Our plan was to go to the top of the Jungfraujoch and stay at the Monchjoch Hutte.  The next day we were going to ski down the Aletsch glacier. In the morning the weather was uninspiring it was raining hard.  

The one thing we did have in our favour was that the forecast for the next day had been consistently positive for nearly a week.  

We took the new cable car which apparently passes right in front of the North Face of the Eiger and disgorges you in an ultra modern lift station at the Eigergletscher station.  From here you take the train up through the Eiger as before.

What had been heavy rain in Grindlewald was fresh snow up at the "Top of Europe."  [Thats what the Swiss knowingly misleadingly call the station.]

Gradually it began to clear as we made the 45 miunte approach to the Monchjoch Hutte.

At the Monchjoch.


So far so good.  Adam was about to enjoy his first night in a mountain hut.   Sadly he did not get to experience the Swiss incarnation of Gollum the legendary most miserable obnoxious hut keeper you could wish to meet because he had been replaced by some entirely normal pleasant people who were now running the Hutte.

Sure enough the next day dawned perfect.  This was to be an extrordinary day in terms of the journey and the scenery.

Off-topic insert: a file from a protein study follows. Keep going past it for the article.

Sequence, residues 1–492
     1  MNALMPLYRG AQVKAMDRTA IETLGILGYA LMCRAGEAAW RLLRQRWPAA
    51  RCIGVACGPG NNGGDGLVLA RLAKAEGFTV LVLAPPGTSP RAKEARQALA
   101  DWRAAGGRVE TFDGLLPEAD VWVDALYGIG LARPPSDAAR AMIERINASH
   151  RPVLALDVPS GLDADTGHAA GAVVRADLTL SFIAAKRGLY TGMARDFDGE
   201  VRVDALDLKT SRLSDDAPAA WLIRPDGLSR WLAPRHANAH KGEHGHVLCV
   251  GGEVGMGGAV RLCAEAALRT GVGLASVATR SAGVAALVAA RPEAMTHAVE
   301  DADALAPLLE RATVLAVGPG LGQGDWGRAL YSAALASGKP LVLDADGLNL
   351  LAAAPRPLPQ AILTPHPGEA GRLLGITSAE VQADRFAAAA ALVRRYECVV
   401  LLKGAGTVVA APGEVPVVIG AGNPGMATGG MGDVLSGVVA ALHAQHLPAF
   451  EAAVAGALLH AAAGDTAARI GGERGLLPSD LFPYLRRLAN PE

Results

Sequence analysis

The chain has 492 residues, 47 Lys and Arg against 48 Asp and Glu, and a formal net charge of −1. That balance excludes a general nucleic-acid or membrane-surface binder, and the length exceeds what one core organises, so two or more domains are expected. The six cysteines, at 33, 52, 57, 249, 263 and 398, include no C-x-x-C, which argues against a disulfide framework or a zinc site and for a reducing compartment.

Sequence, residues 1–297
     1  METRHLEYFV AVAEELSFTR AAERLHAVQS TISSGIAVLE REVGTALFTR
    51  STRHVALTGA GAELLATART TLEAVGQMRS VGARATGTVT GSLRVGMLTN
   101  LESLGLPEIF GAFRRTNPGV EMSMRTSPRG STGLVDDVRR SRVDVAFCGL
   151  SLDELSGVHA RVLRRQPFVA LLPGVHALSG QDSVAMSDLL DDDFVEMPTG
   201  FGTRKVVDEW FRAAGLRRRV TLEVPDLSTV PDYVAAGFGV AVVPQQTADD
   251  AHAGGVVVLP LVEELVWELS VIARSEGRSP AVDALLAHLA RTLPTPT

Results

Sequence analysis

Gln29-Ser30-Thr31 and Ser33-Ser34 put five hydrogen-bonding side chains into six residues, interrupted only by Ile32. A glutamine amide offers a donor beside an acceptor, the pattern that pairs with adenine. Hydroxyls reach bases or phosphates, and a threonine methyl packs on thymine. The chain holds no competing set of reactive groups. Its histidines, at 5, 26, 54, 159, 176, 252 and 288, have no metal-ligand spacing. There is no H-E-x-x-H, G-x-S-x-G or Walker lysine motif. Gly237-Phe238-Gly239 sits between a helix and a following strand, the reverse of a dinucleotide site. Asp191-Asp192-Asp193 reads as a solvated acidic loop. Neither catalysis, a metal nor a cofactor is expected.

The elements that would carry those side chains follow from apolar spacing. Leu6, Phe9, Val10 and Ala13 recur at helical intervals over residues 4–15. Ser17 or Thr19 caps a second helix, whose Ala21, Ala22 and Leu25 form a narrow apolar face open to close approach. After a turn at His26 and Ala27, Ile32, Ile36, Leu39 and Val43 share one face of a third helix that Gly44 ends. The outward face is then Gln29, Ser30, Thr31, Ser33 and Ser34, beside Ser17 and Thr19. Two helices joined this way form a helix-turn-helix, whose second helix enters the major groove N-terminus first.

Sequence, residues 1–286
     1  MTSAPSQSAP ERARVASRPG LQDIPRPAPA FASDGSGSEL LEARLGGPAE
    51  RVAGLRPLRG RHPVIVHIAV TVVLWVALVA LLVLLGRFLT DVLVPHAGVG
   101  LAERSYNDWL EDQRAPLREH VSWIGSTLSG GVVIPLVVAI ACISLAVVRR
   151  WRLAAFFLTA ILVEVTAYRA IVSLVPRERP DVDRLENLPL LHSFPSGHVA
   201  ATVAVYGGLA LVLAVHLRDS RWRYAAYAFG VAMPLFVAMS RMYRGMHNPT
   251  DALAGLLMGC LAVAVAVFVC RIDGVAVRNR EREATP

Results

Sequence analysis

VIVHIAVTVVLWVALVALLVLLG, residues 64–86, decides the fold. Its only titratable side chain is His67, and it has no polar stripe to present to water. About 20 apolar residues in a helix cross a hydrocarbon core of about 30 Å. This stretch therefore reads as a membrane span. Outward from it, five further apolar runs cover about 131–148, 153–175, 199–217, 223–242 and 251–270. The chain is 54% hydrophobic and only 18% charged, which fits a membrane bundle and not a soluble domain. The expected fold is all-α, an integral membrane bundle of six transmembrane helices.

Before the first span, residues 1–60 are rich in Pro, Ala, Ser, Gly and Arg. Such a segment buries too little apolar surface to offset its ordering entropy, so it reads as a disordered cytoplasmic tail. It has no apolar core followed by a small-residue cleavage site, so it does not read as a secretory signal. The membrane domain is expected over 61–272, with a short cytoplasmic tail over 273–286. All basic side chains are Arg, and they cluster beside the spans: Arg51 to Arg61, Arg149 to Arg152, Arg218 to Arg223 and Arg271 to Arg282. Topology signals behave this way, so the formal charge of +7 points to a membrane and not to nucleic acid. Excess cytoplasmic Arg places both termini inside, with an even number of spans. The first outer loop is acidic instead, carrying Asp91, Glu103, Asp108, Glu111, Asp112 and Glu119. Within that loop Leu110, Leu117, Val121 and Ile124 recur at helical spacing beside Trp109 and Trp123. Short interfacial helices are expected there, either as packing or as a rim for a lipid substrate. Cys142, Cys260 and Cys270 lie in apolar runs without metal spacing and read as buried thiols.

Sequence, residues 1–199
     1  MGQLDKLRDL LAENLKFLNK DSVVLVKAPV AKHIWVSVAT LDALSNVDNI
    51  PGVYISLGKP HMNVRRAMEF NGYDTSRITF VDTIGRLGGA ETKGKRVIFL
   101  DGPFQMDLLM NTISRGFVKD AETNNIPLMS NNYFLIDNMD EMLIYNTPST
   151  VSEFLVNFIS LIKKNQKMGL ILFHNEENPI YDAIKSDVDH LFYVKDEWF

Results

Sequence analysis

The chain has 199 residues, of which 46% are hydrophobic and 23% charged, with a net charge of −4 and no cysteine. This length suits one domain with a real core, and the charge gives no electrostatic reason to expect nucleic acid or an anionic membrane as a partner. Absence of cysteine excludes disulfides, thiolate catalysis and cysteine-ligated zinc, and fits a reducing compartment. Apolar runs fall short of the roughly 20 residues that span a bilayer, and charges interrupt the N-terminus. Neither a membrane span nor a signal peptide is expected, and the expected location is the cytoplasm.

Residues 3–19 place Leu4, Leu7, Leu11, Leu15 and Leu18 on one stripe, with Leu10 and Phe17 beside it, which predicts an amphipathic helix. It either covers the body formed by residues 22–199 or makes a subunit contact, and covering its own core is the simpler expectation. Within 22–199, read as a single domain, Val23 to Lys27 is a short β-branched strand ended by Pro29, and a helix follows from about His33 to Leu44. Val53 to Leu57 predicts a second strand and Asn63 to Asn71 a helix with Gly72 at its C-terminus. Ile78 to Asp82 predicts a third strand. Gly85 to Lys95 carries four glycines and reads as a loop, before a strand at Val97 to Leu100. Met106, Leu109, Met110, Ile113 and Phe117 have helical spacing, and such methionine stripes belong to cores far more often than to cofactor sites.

We left the hut at about 6.00hrs.  We started by skiing back the way we had come the previous afternoon, before turning left and heading down the Aletsch glacier.  There is nothing particularly difficult about the descent other than keeping to a crevasse free line.  What is incredible is the scenary and the sense of wilderness, combined with the sun rise.  We were to see no one the entire descent.

What was also good was that lower down at the Konkordia Platz, where the glacier is almost flat the snow had consolidated which allowed us to pole and skate, instead of wading through fresh snow.  We passed under the Konkordia Hutte and continued on down the glacier.  The last time I had come down was on foot with lots of crevasses to maze my way through. That was last  September where it had taken  six hours.  Today on skis it took about 30miutes.

We exited from the glacier by skiing some of silky spring snow, after which we put our skins on and climbed towards the unique tunnel which puts you into the Fiesch lift system.

tunnel entrance 

I mistakenly told the boys not to bother with head torches.

On exiting the tunnel it took us about an  hour  to reach the cable car in Fiescheralp. Although it was open[I did check beforehand!] we had to wait an hour or so becuase it was working on a late season limited capacity. From there it was a bus from Fiesch back to the car in Brig.  

The trip had been as good away as any to sign off the season.